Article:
Towards a joint tech-business strategy

It is not enough to invest in digital technologies to succeed in their transformation. The first step is to align Tech and Business initiatives around a common vision.

By Antoine Gourevitch, Senior Associate Director, BCG

Companies are increasingly investing in advanced technologies to support their digital transformation. Despite these efforts, many of them struggle to achieve their goals, or even achieve them.

On the eve of new groundbreaking innovations, this impasse means not only a waste of resources, but also mortgages their future growth. It must be said that IT is still too often seen as a support function whose developments can be seen separately from business issues.
This piecemeal approach is ineffective and often counterproductive when faced with a holistic transformation that impacts all dimensions of the business.

To succeed, we must therefore break with this traditional silo model and align technology and business initiatives with a common vision† Managers from both departments and their teams must work closely together to deploy use cases, choose investments, implement new tools, processes and governance.
Without this strategic alignment and this operational collaboration, complexity increases in often deteriorating security conditions, the advantage of agile methods is limited and scaling sometimes becomes insurmountable.

On their way to their digital transformation, companies should launch innovative projects that are likely to quickly generate value, attract talent and improve operational efficiency† To achieve these goals, they must define a common strategy for both technology and business and determine the expected level of simplification and harmonization of processes for the entire organization. Only this global approach can improve the overall performance of the company.
Too often we see that digital initiatives have been launched without handling all the issues beforehand. A company invests in advanced data and artificial intelligence technologies, but fails to develop its skills, optimize its ecosystem of partners, or simplify its IT environment. Another recruits talent and acquires the best expertise, only to realize that the heaviness of his processes delays initiatives and generates frustration.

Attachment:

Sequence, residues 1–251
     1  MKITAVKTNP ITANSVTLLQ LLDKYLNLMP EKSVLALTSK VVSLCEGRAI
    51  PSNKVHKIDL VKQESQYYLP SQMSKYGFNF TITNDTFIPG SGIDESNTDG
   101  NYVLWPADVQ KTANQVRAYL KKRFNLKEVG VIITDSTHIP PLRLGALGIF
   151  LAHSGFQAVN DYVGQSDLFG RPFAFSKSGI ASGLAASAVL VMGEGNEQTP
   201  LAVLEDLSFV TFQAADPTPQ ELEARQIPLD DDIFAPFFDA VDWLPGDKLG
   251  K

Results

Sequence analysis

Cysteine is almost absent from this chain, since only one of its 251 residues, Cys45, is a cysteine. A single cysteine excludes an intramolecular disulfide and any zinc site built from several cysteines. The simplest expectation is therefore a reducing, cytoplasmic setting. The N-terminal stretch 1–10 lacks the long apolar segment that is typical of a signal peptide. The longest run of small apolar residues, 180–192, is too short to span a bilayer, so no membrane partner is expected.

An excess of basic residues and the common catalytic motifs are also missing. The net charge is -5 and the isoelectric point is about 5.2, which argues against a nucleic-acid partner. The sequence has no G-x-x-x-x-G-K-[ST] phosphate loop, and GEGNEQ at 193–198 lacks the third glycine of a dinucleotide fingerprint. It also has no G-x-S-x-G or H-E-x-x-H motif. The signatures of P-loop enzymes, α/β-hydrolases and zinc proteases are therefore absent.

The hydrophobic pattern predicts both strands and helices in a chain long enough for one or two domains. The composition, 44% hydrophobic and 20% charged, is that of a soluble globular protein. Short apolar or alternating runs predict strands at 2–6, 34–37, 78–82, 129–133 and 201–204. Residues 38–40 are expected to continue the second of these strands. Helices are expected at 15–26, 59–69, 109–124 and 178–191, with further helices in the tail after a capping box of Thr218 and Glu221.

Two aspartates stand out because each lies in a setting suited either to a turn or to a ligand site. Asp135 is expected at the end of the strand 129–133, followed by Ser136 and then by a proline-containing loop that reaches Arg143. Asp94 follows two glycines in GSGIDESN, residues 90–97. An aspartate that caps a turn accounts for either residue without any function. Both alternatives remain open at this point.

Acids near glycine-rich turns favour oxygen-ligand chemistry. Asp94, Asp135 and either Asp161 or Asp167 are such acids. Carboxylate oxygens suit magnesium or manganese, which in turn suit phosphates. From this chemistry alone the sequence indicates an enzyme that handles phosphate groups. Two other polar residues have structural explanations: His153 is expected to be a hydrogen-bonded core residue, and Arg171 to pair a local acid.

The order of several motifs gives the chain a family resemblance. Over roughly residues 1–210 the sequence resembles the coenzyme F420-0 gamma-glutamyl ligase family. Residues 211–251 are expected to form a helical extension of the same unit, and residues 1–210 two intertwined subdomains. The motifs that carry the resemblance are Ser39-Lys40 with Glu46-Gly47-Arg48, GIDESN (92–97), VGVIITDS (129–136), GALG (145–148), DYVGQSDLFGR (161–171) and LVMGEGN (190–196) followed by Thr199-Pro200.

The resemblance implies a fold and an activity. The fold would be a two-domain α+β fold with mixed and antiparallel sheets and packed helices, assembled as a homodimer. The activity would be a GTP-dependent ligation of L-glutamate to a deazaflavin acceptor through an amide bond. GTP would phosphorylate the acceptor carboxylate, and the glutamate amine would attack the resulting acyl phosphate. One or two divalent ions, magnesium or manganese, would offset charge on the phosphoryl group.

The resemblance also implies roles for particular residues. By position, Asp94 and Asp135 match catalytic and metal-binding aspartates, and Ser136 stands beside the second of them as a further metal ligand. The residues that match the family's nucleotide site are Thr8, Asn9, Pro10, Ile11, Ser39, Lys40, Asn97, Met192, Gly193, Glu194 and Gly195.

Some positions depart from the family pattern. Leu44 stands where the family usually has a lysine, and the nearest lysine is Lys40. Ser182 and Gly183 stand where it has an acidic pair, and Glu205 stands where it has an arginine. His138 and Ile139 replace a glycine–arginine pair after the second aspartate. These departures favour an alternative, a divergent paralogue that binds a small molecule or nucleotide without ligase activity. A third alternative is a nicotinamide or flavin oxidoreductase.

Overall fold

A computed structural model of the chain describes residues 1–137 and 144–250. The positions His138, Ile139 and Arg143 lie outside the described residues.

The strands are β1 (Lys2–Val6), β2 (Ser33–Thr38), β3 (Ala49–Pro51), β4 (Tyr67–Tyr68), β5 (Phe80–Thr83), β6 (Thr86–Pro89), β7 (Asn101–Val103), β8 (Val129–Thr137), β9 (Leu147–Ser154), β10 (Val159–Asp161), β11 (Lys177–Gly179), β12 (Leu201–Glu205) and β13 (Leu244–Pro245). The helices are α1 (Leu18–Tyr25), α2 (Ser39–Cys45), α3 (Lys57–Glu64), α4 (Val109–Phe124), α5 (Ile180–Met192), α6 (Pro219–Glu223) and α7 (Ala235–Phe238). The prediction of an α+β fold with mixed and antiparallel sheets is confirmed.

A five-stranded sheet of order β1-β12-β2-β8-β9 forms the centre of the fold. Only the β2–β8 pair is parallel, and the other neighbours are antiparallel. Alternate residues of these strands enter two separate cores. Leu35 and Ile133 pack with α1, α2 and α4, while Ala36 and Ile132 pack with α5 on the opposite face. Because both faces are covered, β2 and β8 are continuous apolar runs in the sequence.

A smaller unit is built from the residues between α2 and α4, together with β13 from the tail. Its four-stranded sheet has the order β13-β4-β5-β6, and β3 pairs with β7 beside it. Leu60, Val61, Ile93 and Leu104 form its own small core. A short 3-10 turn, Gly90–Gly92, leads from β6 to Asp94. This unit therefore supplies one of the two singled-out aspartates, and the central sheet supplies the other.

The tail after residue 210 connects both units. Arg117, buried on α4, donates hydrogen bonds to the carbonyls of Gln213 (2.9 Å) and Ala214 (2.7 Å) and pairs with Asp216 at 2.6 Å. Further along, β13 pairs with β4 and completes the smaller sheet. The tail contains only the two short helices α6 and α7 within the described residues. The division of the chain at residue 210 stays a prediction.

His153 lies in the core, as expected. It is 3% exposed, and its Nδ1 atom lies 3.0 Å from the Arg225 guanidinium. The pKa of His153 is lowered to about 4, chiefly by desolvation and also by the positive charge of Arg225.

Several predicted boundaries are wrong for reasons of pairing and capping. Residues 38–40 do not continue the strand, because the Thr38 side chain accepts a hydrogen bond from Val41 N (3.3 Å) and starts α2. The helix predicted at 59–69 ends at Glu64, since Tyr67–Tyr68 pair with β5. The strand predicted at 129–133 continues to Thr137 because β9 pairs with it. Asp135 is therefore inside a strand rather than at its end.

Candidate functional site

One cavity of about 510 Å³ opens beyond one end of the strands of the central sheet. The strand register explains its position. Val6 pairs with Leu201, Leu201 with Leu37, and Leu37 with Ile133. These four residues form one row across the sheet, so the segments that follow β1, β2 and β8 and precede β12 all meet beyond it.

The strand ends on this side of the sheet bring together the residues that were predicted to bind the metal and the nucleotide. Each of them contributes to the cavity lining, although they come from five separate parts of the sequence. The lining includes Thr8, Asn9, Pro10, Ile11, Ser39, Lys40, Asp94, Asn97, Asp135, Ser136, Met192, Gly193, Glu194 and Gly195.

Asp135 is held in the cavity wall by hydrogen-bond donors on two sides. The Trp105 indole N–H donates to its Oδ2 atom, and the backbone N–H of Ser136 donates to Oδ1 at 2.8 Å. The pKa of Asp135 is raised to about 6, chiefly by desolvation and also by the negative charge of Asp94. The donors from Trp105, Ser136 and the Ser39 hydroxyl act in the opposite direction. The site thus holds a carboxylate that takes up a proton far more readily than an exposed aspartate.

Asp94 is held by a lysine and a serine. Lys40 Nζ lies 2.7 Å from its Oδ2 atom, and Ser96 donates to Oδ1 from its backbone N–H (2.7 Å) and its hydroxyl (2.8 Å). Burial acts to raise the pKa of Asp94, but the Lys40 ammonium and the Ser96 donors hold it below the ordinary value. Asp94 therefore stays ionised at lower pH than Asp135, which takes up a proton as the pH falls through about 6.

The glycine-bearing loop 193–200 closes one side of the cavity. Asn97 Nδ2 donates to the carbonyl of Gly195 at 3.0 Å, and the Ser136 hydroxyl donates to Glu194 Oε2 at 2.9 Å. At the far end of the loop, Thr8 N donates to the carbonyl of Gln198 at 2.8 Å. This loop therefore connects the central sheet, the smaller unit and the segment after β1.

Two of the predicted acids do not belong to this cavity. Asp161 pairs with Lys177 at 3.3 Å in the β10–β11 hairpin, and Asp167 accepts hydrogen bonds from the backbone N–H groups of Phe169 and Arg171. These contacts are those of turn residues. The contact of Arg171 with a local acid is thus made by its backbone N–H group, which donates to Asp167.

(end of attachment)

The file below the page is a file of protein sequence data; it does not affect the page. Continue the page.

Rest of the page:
To avoid these pitfalls, companies must align and coordinate the actions of their technical and business functions around the critical dimensions of digital transformation. This includes defining a shared operating model. Over time, many organizations have grown processes to meet the specific needs of a country or entity, creating complexity incompatible with flexible digital models. Technology and business must jointly determine which processes should be preserved and which should be harmonized or simplified. From this shared operational scheme, a roadmap can be drawn up by prioritizing digital initiatives. To ensure their implementation and monitor the progress of simplification actions, it is necessary to provide a dashboard that integrates a set of performance indicators and environmental or regulatory criteria.

This collaboration, which has become essential between technology and business, can be based on cooperative platforms. At the same time, the company must continue to work on the other levers of digital transformation by focusing on strategic skills such as data management, cloud adoption, deployment of agile technology environments focused on interface software or the implementation of iterative work practices. Building a robust and resilient cybersecurity strategy for the entire organization also requires cross-functional collaboration. The demands of digital transformation mean the end of a fragmented and compartmentalized approach between technology and business.

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